Talk:Doric order

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This has been moved here:

(quote removed due to copyright infringement O8TY (talk) 17:12, 5 August 2008 (UTC))"

"Doric" refers to a cultural group of Greeks, as does Ionic order. "Dorus" is an invented eponym for these Greeks. "Mother mushroom" is apparently a private dream. --Wetman (talk) 18:29, 23 May 2008 (UTC)

Adult supervision of this article is urgently requested. The account O8TY was opened for the purpose of inserting this intentionally disruptive nonsense: see its Contributions History.--Wetman (talk) 23:58, 26 July 2008 (UTC)--Wetman (talk) 23:58, 26 July 2008 (UTC)

"Fungitecture™" [sic][edit]

The following external link has been inserted here and at various other articles: A sense of what's up with this ican be had from the following introductory statement: "The term Fungitecture was coined to describe the peculiar resemblance between certain ancient styles of monumental architecture and the fruit of one or other species of fungus. However, Fungitecture also serves as an umbrella term covering a much wider field of human endeavour, wherever fungus imagery, lore or substance may have been invoked." There are no references to any responsible peer-reviewed literature, needless to say. This does not show Wikipedia in a flattering light, in my opinion.--Wetman (talk) 01:59, 29 July 2008 (UTC)

Wetman's incompetent reference to link correctedO8TY (talk) 00:45, 12 August 2008 (UTC)

The name "Fungitecture" is a trademark and must be recognised as such. O8TY (talk) 10:04, 22 August 2008 (UTC)

See also response here. [O8TY:Talk] O8TY (talk) 05:23, 31 October 2008 (UTC)

inspiring modern art[edit] Hansmeyer developed his concept by taking a traditional Doric column and feeding the form into his computer where his subdivision algorithm could go to work on it.

(also see —Preceding unsigned comment added by (talk) 00:01, 6 March 2011 (UTC)


This article has several factual errors. There are 2 grooves, not 3 in a triglyph. There are 3 raised portions, and 2 grooves.

Also the Doric order was widely used in interior design in architecture in the UK and North America by the 1740s or so. So its revival was long before the early 19th c. "Greek Revival" period. I'm sure any architectural historian could point to dozens of examples of the use of Doric in the middle 18th c.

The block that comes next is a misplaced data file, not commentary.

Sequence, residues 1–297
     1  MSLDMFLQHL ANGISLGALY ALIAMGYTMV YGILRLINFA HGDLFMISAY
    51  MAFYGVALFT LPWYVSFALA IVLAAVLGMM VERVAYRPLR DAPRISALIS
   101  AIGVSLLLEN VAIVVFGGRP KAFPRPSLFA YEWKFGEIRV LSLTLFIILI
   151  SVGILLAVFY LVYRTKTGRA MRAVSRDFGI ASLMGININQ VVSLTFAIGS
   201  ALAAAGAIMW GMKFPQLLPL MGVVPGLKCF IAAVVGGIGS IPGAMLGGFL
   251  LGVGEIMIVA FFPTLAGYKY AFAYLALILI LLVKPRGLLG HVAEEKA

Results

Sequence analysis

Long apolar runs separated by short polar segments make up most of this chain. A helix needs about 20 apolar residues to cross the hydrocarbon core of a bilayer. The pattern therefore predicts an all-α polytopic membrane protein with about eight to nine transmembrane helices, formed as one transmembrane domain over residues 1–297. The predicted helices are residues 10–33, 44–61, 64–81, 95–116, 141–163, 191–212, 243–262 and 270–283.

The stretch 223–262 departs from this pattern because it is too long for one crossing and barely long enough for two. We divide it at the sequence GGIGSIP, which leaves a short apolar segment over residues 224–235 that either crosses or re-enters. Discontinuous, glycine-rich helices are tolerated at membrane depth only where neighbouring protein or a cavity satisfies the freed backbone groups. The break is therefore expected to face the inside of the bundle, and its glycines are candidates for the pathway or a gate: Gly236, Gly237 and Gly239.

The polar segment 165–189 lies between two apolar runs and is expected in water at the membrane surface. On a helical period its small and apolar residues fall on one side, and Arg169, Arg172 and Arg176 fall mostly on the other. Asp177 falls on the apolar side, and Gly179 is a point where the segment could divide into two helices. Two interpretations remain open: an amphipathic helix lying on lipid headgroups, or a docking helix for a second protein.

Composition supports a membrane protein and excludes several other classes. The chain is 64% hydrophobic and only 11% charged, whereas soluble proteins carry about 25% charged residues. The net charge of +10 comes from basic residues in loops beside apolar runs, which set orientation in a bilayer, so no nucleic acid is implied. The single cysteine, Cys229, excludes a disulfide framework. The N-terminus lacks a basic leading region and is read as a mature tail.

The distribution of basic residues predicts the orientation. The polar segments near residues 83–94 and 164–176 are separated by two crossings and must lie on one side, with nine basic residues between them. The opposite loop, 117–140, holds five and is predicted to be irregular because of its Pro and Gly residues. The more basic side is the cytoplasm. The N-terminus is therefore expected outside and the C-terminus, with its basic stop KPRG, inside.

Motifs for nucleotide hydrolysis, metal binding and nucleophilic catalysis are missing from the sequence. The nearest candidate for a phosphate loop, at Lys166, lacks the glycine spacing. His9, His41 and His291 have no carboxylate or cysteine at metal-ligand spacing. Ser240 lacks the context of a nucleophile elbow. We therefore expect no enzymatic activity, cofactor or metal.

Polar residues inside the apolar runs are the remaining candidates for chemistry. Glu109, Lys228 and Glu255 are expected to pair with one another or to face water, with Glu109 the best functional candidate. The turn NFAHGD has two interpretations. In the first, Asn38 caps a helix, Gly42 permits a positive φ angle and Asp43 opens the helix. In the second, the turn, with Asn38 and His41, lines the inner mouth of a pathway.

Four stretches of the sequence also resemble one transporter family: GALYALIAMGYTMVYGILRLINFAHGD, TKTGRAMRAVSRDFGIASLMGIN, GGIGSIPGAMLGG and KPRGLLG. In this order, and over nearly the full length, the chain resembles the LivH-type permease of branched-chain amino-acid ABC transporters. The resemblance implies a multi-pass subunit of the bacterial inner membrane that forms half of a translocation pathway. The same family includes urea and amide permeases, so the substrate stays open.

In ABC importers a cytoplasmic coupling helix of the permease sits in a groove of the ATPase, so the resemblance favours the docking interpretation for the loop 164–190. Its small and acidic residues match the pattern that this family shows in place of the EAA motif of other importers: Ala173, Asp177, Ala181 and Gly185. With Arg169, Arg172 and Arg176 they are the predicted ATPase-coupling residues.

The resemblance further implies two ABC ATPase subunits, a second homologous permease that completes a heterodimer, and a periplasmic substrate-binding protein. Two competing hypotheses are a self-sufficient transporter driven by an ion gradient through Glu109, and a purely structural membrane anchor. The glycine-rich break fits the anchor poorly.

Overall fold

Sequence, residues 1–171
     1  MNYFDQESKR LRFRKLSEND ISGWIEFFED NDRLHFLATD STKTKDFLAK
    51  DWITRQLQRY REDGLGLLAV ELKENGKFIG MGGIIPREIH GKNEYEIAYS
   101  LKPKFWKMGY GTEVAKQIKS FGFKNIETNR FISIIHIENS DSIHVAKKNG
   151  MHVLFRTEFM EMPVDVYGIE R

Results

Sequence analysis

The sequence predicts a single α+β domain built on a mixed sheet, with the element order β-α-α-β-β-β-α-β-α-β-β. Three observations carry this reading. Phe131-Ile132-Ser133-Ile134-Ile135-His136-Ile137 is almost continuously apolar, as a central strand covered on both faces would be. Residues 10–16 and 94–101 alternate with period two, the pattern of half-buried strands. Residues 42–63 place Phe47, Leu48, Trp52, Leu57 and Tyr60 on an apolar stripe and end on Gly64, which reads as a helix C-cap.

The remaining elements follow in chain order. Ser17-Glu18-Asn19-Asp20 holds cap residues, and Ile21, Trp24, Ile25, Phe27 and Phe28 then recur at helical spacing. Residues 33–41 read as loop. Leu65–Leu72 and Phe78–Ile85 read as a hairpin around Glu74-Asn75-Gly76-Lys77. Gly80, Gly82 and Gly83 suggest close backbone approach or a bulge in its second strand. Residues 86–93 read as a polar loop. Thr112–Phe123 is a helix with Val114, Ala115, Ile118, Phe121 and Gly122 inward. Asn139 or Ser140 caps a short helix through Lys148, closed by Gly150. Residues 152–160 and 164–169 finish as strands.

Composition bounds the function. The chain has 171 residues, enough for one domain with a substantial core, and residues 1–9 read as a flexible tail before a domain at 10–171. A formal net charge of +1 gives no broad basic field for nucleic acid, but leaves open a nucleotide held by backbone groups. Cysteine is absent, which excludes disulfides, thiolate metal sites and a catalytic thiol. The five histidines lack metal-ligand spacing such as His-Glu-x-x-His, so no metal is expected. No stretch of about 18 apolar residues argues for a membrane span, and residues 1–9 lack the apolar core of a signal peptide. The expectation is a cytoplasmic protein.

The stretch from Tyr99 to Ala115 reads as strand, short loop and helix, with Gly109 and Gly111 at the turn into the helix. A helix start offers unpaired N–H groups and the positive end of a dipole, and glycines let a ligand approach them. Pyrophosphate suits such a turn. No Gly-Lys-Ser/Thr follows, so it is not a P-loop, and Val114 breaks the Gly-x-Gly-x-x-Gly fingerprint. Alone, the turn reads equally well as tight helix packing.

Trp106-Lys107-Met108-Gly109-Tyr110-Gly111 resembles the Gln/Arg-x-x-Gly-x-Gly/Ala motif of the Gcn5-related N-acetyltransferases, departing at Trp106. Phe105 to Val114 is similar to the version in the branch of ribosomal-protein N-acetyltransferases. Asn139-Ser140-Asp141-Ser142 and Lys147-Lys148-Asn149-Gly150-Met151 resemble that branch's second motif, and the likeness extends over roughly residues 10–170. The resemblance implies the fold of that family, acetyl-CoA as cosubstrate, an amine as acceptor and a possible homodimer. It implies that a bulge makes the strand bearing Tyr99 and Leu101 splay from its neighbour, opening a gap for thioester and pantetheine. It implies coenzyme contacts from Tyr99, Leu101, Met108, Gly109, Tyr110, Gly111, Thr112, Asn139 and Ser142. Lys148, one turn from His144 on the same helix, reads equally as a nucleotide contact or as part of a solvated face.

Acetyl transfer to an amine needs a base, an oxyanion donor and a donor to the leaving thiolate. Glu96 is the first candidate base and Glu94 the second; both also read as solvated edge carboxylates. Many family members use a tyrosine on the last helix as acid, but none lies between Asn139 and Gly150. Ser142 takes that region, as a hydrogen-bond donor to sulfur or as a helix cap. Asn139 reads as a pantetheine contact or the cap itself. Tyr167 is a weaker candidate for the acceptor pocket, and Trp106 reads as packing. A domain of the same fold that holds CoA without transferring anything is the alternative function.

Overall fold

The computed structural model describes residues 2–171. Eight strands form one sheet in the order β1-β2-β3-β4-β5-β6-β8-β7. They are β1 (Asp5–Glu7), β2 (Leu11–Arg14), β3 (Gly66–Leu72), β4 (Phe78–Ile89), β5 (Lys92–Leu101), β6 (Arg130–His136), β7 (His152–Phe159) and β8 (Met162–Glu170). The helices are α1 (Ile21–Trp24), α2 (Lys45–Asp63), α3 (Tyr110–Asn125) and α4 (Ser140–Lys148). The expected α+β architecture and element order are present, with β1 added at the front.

Pt 1 changed. On pt 2, are there really many that are fully Doric rather than informal Tuscan? In America??? Johnbod (talk) 17:24, 4 March 2016 (UTC)

Assessment comment[edit]

The comment(s) below were originally left at Talk:Doric order/Comments, and are posted here for posterity. Following several discussions in past years, these subpages are now deprecated. The comments may be irrelevant or outdated; if so, please feel free to remove this section.

(removed for copyright violation)O8TY (talk) 19:59, 6 August 2008 (UTC) Let's play marbles.

Last edited at 19:59, 6 August 2008 (UTC). Substituted at 13:40, 29 April 2016 (UTC)

Conflict with remark on another page[edit]

This page says of Doric, "It was the earliest and in its essence the simplest of the orders," and yet the page linked in the same paragraph says in section 3, "Sometimes the Doric order is considered the earliest order, but there is no evidence to support this. Rather, the Doric and Ionic orders seem to have appeared at around the same time, the Ionic in eastern Greece and the Doric in the west and mainland." Neither statement is given citation, I can't confirm which is right, but a consistent position should be taken, even if that is one of uncertainty. --Dean Sayers — Preceding unsigned comment added by (talk) 06:39, 2 September 2017 (UTC)

Good catch! The other article you refer to is Classical order. I'll look into this when I can, but likely someone else will get there first. RivertorchFIREWATER 15:59, 2 September 2017 (UTC)